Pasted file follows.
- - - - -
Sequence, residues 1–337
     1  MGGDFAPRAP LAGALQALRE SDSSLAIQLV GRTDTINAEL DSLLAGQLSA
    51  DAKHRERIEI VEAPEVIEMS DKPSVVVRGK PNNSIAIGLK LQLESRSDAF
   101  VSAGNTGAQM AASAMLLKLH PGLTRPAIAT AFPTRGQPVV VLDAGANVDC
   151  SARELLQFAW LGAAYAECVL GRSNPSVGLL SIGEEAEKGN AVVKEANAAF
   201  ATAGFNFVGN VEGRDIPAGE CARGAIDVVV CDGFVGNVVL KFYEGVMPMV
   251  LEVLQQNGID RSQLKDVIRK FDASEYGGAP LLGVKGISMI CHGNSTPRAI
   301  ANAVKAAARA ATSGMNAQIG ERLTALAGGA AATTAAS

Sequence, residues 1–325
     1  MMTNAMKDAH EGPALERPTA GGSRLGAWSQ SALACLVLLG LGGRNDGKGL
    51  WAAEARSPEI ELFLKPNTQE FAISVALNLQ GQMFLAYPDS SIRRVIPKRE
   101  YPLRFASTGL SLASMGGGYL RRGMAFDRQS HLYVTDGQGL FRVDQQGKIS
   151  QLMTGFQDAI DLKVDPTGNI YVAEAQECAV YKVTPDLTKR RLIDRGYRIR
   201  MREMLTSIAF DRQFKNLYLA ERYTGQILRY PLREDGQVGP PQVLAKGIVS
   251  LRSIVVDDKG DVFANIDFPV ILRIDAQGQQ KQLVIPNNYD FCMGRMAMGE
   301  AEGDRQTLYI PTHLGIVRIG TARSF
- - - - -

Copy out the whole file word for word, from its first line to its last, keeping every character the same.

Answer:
Sequence, residues 1–337
     1  MGGDFAPRAP LAGALQALRE SDSSLAIQLV GRTDTINAEL DSLLAGQLSA
    51  DAKHRERIEI VEAPEVIEMS DKPSVVVRGK PNNSIAIGLK LQLESRSDAF
   101  VSAGNTGAQM AASAMLLKLH PGLTRPAIAT AFPTRGQPVV VLDAGANVDC
   151  SARELLQFAW LGAAYAECVL GRSNPSVGLL SIGEEAEKGN AVVKEANAAF
   201  ATAGFNFVGN VEGRDIPAGE CARGAIDVVV CDGFVGNVVL KFYEGVMPMV
   251  LEVLQQNGID RSQLKDVIRK FDASEYGGAP LLGVKGISMI CHGNSTPRAI
   301  ANAVKAAARA ATSGMNAQIG ERLTALAGGA AATTAAS

Sequence, residues 1–325
     1  MMTNAMKDAH EGPALERPTA GGSRLGAWSQ SALACLVLLG LGGRNDGKGL
    51  WAAEARSPEI ELFLKPNTQE FAISVALNLQ GQMFLAYPDS SIRRVIPKRE
   101  YPLRFASTGL SLASMGGGYL RRGMAFDRQS HLYVTDGQGL FRVDQQGKIS
   151  QLMTGFQDAI DLKVDPTGNI YVAEAQECAV YKVTPDLTKR RLIDRGYRIR
   201  MREMLTSIAF DRQFKNLYLA ERYTGQILRY PLREDGQVGP PQVLAKGIVS
   251  LRSIVVDDKG DVFANIDFPV ILRIDAQGQQ KQLVIPNNYD FCMGRMAMGE
   301  AEGDRQTLYI PTHLGIVRIG TARSF